HUNTER-GAULT: Now Malefane has found her voice and her pride and is helping others to appreciate it.

UNIDENTIFIED MALE: I like that voice. Maybe I next time I hear it and I like opera.

HUNER-GAULT: And he and a busload of others from nearby townships have been able to see the performance thanks to a project of the Spier Festival sponsors called Pay What You Can. Organizers hope it will encourage new patrons along with the traditional ones, as it develops new talent along with the traditional ones.

It's called transformation.

Charlayne Hunter-Gault, near Stellenbosch, South Africa.


BAKHTIAR: Now we head to the sandy beaches and rolling hills of Senegal, a small country on the northwest coast of Africa. About 95 percent of Senegal's people are black Africans which belong to many different ethnic groups, the largest one being Wolof. And even though the official language of Senegal is French, Wolof is the most widely spoken language in the country. Children are required by law to attend six years of schooling. In spite of that, most of Senegal's adult population cannot read or write because the law is not enforced.

Senegal, which was ruled by France from the late 1800s, gained its independence in 1960. Though economic conditions have improved since its independence, Senegal is still a developing nation and poverty is widespread. Now, a new program by the name of the Omega Plan aims to work toward changing that.

Jim Clancy reports.


JIM CLANCY, CNN CORRESPONDENT (voice-over): While voices are being raised to transform Africa through a style of Marshall Plan put in operation in Europe after World War II, Senegal's president is not in that court. He sees a fundamental difference.

Post-war Europe was devastated but it had a core infrastructure of roads, railways, ports and communications. That core infrastructure, he says, is what Africa needs.

ABDOULWAYE WADE, PRESIDENT OF SENEGAL: I call for finances to build the infrastructure of Africa. I mean roads, I mean highways. I mean toll-ways. I mean ports, airports, with long resources over 50 years. CLANCY: In the past, President Wade says Africa has always been viewed as a continent divided by borders and states. Wipe that away he urges, and you can begin to solve the problems that are not national, but regional and continental. What the Omega Plan really aims to do is create natural trade routes by air, road and rail that will create a basic infrastructure for a continent, not just a country.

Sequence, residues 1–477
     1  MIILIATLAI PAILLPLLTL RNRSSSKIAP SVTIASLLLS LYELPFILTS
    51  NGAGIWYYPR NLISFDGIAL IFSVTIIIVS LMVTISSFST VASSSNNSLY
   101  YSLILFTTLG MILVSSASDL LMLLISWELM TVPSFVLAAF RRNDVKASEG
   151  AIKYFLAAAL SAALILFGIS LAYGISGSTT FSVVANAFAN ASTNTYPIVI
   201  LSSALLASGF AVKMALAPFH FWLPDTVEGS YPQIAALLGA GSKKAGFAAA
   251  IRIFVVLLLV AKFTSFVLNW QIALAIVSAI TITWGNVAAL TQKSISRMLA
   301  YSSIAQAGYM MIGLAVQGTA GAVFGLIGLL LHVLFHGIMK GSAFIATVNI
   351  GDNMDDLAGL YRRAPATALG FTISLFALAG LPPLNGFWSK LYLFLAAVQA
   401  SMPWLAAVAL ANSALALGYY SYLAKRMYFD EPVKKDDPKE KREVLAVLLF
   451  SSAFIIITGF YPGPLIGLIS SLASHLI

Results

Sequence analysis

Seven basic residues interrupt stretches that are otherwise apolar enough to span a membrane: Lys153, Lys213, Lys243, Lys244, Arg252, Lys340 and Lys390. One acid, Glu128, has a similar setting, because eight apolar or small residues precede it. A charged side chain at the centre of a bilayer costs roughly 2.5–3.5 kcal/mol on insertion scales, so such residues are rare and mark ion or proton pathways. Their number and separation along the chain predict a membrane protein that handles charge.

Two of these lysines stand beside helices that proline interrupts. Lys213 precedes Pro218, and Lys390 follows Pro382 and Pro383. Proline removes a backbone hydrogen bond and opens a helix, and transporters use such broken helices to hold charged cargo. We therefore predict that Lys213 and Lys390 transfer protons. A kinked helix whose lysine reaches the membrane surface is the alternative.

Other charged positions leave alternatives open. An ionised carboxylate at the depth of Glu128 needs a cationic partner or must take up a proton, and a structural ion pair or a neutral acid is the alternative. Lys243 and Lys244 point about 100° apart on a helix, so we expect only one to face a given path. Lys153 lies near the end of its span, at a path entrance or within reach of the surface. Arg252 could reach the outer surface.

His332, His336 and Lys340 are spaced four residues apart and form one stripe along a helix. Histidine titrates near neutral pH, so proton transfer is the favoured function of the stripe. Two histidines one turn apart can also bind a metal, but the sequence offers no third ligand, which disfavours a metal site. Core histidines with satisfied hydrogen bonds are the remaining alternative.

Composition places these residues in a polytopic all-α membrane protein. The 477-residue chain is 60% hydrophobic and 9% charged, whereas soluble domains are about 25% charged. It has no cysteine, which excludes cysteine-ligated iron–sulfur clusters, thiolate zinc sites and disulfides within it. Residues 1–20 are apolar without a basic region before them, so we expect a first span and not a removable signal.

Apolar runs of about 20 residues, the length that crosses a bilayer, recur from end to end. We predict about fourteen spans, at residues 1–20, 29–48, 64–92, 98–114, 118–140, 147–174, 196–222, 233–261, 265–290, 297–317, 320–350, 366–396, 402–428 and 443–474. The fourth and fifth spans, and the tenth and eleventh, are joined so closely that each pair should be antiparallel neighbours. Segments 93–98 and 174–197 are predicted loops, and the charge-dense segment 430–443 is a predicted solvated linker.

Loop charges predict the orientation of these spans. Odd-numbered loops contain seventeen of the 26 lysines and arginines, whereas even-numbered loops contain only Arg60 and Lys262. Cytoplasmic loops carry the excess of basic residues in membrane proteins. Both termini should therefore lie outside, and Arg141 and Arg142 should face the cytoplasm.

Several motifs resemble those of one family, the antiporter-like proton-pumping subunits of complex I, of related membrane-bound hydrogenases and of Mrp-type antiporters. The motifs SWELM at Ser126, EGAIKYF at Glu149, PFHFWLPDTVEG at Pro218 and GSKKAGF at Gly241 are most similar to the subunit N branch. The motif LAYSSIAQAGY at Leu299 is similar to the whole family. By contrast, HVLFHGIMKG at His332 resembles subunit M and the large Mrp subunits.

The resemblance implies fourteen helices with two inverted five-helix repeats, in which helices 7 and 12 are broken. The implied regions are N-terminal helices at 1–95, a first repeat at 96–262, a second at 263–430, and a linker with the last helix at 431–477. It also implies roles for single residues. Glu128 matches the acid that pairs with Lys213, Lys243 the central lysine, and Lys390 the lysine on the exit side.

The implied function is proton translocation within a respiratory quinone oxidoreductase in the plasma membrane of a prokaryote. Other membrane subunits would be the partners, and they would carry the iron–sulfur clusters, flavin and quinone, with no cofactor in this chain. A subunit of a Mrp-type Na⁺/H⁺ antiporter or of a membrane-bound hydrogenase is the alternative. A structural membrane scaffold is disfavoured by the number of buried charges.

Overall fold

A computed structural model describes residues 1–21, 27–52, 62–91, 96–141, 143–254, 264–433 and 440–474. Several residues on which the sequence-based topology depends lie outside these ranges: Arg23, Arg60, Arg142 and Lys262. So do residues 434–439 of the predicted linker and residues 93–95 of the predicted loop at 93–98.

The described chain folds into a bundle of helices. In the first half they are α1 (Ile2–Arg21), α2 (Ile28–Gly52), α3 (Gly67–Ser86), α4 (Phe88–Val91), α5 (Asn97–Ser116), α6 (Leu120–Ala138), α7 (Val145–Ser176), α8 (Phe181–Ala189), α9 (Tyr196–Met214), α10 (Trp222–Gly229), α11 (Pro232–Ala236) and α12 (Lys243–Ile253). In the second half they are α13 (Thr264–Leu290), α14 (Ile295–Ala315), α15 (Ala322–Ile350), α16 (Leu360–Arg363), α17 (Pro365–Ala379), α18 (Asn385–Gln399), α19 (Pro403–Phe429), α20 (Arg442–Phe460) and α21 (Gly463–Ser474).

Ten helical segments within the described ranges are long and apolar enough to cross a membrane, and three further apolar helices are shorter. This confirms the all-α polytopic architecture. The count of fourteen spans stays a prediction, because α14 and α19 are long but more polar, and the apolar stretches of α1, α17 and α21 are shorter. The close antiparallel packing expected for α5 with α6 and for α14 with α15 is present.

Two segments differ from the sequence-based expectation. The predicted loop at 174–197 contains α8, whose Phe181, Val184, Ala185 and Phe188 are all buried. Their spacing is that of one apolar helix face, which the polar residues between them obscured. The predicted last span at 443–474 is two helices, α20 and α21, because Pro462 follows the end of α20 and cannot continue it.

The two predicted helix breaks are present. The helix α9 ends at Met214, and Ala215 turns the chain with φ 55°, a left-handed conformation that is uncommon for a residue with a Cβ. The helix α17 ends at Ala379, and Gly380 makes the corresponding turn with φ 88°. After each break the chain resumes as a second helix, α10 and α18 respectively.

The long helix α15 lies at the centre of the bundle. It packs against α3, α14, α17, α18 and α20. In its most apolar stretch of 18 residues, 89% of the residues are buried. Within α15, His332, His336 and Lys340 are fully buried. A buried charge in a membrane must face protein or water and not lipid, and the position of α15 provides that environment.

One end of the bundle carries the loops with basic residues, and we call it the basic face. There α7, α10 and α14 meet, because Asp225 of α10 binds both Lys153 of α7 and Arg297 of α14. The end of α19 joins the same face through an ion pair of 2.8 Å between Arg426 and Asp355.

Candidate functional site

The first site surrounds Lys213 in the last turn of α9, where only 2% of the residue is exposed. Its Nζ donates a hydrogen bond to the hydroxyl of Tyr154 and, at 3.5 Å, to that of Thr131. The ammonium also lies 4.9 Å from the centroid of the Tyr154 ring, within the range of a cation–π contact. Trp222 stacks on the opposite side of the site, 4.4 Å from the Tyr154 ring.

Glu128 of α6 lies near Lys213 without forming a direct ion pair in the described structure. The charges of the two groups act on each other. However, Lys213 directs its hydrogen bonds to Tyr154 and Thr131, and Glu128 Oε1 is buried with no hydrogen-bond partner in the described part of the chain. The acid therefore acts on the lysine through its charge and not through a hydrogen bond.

The Omega Plan is still under study and analysis but aims to come up with a 50-year long-term solution. President Wade insists Africa shouldn't expect someone else to come and build it.

WADE: My doctrine is we must raise -- as Africans we must try to solve our problems by our own means before going outside to call for aid and resources.

CLANCY: The Omega Plan and others being developed will ultimately seek outside assistance. Presidents Bouteflika of Algeria, Mbeki of South Africa and Obasanjo of Nigeria are working on a plan of their own. All of those see new emphasis on infrastructure and a broader pan-African approach. Some say it is a matter of survival.

WADE: If we don't work a plan like this, I am afraid that Africa will be left out of the march of the community.

CLANCY: If the Omega Plan or another like it is to work, there are numerous challenges. Even the problem of finding money pales in comparison to the problem of finding peace and an end to African conflicts. But a major roadblock has been removed. Africans are seeing a future working together, and working together to build it.

Jim Clancy, CNN.


BAKHTIAR: More on Africa tomorrow as we follow in the footsteps of explorer Michael Fay. We'll encounter animals and journey through the jungles on an expedition to study the continent's wildlife. Come along on the odyssey right here on CNN NEWSROOM tomorrow.

Think you have a creative spirit? If so, our next story should interest you. It's about teenage inventors competing at a national robotics competition for high school kids. It's called FIRST. It's one of the largest contests of its kind in the United States and our Ann Kellan attended competition finals over the weekend at Epcot in Florida and filed this report.


ANN KELLAN, CNN CORRESPONDENT (voice-over): It's like the Super Bowl of robotic competitions: 14,000 students in 350 high school teams vying to be national champions of a competition called FIRST -- For Inspiration and Recognition of Science and Technology.

UNIDENTIFIED MALE: And here we go... KELLAN: But unlike most contenders, these kids are techies going for the gold. At a four-ring competition at Epcot Center, these kids forego the rides and attractions to work on 'bots. What a way to spend spring break.